“Degeneration of the joint surfaces imposes, in its turn, a further restriction of muscular activity so as to avoid pain and discomfort in movement.  Thus a vicious cycle is established, which gradually distorts the skeleton, the spine, and the intervertebral discs, resulting in an elderly body whose range of movements is reduced long before we have become old.  Actually, age has little to do with this sad event.  On the contrary, it is quite possible to restore the body’s ability to perform every movement of which the skeleton is capable.

“Up until sixty years of age, anyone of good health who is not suffering serious illness can attain this optimal ability with little more than an hour of retraining for each year of one’s life.  It is possible to attain this condition even beyond sixty years – depending on the person’s intelligence and will to live.”

Elsewhere in the same book he says:

Old age, for instance, begins with the self-imposed restriction on forming new body patterns.  First one selects attitudes and postures to fit an assumed dignity and so rejects certain actions, such as sitting on the floor or jumping, which then soon become impossible to perform.  The resumption and reintegration of even these simple actions has a marked rejuvenating effect not only on the mechanics of the body but also on the personality as a whole.”

Yoga is very good at achieving all that Feldenkrais advocates.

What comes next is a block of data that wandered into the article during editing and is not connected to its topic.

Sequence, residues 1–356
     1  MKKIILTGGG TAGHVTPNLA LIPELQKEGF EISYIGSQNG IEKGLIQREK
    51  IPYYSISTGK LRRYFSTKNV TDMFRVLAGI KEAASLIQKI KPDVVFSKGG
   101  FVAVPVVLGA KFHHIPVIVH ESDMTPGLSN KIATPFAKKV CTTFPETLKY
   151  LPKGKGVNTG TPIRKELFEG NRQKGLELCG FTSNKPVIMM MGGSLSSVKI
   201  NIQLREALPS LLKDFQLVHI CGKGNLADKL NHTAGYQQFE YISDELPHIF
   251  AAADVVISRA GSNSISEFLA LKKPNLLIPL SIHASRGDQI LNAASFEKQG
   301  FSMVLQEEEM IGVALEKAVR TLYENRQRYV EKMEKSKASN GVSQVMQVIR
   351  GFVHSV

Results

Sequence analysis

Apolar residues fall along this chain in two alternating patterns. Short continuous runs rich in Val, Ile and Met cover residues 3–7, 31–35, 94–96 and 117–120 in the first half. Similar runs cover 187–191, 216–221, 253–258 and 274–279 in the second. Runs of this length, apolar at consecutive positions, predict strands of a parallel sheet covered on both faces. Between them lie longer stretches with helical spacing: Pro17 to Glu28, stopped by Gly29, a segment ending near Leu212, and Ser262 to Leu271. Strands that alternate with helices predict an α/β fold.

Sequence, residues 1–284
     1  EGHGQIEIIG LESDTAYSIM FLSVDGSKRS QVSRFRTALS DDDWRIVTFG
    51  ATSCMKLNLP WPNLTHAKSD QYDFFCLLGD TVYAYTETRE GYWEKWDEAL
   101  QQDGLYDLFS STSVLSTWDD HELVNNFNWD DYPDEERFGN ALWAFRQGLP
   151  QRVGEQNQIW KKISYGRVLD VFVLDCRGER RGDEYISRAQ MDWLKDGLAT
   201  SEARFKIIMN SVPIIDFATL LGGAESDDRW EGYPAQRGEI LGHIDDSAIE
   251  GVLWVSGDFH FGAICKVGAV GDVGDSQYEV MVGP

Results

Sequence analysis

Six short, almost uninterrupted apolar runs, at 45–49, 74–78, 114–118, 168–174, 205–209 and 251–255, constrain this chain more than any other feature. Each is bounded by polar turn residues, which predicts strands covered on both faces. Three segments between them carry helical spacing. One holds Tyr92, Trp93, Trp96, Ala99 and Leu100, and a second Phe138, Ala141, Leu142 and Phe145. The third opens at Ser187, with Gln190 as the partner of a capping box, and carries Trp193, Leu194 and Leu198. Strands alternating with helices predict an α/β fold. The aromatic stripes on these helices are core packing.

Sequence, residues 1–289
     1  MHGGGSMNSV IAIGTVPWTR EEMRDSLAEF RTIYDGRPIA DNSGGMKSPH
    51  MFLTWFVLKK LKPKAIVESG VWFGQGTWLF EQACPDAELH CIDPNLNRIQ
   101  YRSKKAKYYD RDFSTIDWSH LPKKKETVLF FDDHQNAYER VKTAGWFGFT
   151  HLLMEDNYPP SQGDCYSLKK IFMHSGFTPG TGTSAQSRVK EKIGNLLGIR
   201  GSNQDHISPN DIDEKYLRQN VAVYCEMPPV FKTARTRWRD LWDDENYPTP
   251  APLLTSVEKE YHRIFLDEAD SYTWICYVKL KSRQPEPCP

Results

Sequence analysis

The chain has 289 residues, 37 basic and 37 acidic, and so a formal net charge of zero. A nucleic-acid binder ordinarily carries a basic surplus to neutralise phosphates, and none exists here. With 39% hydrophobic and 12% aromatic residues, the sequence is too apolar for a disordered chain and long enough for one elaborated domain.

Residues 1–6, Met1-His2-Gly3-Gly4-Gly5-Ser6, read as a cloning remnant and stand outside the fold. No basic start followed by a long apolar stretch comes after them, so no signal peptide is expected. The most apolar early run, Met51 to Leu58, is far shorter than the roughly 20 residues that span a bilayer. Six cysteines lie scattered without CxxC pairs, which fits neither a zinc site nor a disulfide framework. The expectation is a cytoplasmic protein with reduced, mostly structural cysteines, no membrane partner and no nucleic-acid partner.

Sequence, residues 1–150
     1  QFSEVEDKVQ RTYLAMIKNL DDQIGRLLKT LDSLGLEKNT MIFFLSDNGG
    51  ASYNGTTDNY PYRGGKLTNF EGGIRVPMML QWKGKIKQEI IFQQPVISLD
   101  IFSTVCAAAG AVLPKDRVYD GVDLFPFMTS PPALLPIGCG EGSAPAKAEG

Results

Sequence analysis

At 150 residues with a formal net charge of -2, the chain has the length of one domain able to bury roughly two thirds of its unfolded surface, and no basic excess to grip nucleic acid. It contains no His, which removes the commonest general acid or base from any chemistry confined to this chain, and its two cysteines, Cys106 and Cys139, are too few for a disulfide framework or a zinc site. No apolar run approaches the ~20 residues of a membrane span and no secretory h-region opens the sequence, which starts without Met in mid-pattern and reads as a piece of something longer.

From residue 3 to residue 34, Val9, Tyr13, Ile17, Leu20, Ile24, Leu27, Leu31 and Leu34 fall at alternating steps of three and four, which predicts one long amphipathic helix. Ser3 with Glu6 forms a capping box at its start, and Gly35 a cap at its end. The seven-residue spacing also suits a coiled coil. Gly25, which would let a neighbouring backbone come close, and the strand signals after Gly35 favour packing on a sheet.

Well, that’s good news isn’t it!  

And I agree.  I have seen people in my Yoga classes who have denied that they would ever stand on one leg, said it would be impossible for them to touch the floor with straight legs in Uttanasana* (standing forward bend), would never be able to hold the Vasisthasana / Side Plank pose*.

And I have seen them come to accomplish these, as well as many other Yoga postures.

Students in their middle years have grown in height as their spinal columns realign, the intervertabral discs find more space to do what they’re supposed to do, and all the rest of the body takes its cue and breathes a sigh of relief as it begins to move more freely and with more ease.

I am amazed at how many Yoga students seem to avoid many of the age-related illnesses of middle and older life: for example, diabetes, heart problems, lung disease.  Or if they do get them they don’t seem to be so severe.

This isn’t to say that we practise Yoga or Feldenkrais technique for ‘accomplishments’ such as these, but it is rather wonderful when people find they can do things they thought they never would.  And I also believe that training our bodies in these ways makes us feel more alive, and as a good friend told me:

You are not stiff because you’re old.  You are old because you are stiff.

This good friend is nearer 80 than 70, and her Yoga practice and teaching ensure that she is energetic, strong, flexible and still able to practise the very strong postures such as “Wild thing”*, which many much younger people find difficult.

So my message to you is to commit to your practice – whether it’s Yoga, Feldenkrais technique, or another that ensures flexibility and strength.  Once a week is good, but as Feldenkrais says, you get better results if you can practise more frequently.

I can’t guarantee you a long life, but I think you’ll find that you’ll enjoy it a lot more without the stiffness, aches and pains that might otherwise hold you back.

(*I am sorry that my drawing skills are not up to posting pictures of these posture on-line – please look them up!)